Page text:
Thursday 28 February 2013

#CBR 5 Book 20. "Ut å stjæle hester (Out Stealing Horses)" by Per Petterson

Page count: 246 pages
Rating: 3.5 stars

I work as a secondary school teacher, teaching Norwegian teenagers English and Norwegian. Because I don't actually have any formal training as a Norwegian teacher, I'm also studying it part-time, which last semester meant studying grammar at a much more advanced level than I'd ever previously done, and this semester involves language history and reading a representative selection of contemporary Norwegian fiction. I'm ashamed to say that fond as I am of reading, the last time I finished a Norwegian novel was in 2010, when I read Victoria by Knut Hamsun with the tenth-graders. I read pretty exclusively in English, and this semester will be my chance to read more in my mother tongue.

Trond is an elderly man, clearly just past his pension age, who's moved out into the middle of the woods in the Norwegian country side. He clearly enjoys solitude, and spends his days walking his dog,  fixing up little things around the rustic cabin where he lives. A chance meeting with his closest neighbor, another solitary elderly man,  sets him reminiscing about his past, mostly returning to the summer of 1948, when he was 15 and his life changed forever.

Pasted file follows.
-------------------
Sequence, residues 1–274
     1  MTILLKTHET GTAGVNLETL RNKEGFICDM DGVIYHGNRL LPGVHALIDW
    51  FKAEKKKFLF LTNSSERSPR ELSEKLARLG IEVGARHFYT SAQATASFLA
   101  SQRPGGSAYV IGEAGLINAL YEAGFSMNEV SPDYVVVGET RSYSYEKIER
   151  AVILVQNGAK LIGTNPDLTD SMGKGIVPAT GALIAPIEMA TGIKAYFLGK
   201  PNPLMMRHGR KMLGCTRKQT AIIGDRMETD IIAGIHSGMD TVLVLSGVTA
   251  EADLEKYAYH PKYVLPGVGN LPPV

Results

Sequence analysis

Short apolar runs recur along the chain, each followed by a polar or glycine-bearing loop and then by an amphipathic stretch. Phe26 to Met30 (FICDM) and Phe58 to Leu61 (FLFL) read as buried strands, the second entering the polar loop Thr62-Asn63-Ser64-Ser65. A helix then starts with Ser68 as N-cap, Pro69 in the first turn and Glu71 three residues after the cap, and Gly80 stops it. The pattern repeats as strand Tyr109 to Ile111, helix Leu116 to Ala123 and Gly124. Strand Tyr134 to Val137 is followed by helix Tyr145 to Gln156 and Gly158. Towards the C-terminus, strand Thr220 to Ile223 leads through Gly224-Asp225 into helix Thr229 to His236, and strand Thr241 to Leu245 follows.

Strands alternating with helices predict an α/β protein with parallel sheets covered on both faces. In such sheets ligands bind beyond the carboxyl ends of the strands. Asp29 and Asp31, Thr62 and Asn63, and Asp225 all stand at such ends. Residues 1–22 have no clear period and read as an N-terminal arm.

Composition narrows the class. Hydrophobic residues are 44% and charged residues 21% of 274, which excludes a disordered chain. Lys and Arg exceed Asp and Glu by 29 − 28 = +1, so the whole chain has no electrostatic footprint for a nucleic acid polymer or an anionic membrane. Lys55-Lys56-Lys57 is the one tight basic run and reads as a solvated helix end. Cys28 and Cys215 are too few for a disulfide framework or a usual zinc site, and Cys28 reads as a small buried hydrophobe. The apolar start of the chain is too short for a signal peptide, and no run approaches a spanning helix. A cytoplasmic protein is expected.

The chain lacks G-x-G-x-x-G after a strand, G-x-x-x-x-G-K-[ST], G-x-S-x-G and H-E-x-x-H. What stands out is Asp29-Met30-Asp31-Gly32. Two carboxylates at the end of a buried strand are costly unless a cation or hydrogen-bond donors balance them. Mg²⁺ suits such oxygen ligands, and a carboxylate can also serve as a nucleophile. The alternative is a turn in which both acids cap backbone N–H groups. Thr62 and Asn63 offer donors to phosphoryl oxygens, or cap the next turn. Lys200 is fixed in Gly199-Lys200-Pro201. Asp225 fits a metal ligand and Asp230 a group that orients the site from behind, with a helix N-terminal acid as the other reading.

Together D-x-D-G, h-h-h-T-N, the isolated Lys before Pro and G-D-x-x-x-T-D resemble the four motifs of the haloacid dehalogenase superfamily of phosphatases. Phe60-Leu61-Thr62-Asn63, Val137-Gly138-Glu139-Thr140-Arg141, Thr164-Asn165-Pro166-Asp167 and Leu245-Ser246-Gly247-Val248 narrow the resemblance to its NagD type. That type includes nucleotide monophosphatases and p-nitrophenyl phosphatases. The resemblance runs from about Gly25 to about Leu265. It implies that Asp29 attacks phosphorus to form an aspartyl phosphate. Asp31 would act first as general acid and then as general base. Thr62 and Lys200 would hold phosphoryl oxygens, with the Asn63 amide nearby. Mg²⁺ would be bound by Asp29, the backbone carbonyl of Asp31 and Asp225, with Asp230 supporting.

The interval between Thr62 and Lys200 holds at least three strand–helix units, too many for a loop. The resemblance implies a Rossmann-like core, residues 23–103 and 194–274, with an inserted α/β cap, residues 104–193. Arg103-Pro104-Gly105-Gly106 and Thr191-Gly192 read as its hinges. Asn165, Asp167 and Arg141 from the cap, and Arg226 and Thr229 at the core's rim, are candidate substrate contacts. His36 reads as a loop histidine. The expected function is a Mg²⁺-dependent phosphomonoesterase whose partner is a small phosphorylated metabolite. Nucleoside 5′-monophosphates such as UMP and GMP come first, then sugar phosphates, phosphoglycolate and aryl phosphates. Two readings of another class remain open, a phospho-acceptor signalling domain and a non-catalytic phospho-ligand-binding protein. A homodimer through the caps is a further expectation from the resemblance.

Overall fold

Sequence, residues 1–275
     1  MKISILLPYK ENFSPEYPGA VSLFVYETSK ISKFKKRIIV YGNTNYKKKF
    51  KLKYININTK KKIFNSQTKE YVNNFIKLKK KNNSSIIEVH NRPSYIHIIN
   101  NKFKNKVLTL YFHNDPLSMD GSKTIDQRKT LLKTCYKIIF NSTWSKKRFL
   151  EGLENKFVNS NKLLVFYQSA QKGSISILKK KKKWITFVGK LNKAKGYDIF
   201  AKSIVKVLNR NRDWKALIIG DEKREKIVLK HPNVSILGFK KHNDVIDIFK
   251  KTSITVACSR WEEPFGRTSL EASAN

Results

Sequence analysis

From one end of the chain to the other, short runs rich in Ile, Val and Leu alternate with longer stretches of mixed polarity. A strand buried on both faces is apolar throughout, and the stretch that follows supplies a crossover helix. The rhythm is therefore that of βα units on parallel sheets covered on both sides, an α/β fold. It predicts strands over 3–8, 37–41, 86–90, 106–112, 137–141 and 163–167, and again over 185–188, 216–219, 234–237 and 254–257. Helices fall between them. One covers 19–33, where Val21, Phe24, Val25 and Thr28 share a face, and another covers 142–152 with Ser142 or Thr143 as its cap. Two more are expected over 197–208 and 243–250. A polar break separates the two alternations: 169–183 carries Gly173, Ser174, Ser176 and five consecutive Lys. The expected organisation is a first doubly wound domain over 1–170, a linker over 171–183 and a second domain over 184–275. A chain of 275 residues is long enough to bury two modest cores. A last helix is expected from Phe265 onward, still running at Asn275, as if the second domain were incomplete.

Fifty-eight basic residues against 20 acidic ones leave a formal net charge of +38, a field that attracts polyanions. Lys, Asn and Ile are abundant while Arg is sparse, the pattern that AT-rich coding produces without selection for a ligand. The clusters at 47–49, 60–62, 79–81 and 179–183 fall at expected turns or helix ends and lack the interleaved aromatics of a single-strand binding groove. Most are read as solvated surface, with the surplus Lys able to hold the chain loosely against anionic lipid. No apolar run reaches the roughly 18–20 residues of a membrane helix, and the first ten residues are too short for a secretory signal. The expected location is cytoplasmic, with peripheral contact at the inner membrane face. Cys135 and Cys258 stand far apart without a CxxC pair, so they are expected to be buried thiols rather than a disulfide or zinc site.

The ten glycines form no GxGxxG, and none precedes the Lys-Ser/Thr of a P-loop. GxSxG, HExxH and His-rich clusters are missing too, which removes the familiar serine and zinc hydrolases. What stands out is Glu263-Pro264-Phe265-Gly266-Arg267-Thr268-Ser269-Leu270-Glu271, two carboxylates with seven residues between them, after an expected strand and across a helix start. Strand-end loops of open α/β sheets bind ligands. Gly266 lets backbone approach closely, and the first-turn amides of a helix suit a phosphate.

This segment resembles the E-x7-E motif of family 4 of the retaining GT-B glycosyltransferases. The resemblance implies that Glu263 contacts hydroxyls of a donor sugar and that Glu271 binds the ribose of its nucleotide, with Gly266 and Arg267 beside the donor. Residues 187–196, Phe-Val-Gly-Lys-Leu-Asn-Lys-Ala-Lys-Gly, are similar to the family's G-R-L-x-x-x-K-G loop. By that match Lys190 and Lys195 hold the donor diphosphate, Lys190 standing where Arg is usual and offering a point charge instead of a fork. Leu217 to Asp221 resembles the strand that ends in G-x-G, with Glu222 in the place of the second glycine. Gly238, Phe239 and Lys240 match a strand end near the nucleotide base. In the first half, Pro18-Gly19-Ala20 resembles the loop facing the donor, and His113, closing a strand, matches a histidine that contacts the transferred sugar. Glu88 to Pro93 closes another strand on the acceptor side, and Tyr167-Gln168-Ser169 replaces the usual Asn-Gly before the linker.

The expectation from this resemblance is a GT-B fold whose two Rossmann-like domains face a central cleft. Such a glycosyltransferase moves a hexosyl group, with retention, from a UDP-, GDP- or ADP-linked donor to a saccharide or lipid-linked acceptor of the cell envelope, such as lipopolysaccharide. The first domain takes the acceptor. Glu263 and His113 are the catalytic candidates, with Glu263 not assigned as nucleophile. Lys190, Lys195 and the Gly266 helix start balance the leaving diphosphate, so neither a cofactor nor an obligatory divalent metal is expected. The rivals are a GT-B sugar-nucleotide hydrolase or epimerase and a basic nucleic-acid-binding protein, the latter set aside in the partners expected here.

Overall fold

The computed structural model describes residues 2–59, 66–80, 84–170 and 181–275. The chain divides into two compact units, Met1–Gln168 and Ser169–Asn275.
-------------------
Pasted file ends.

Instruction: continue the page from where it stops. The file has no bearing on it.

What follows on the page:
Having felt the absence of his father keenly during World War II, when said father would disappear for months on end on secret missions for the Resistance, Trond is grateful and pleased that his father wants to spend the summer alone with him in a little croft not far from the Swedish border. An early morning, his friend Jon shows up suggesting that they "steal" horses, and the day that begins with trying to ride the horses of the local landowner, ending in a rather uncomfortable incident where Jon crushes a bird's nest and destroys all the eggs. Trond only finds out the truth behind his friend's strange state of mind that evening, in the first of several losses that summer.

Considering at least a quarter of the book depicts an old man pottering about chopping firewood and doing mundane tasks around the house, it's a surprisingly engaging book that kept me turning the pages. It deals with grief, loss, abandonment and betrayal, but also friendship and strong father and child relationships. First published in 2003, it's won a whole slew of Norwegian and international literary awards, and like a lot of Norwegian novels I just never seem to get round to reading, it's been on my TBR list for years and years. I'm glad I finally had the impetus to actually read it.

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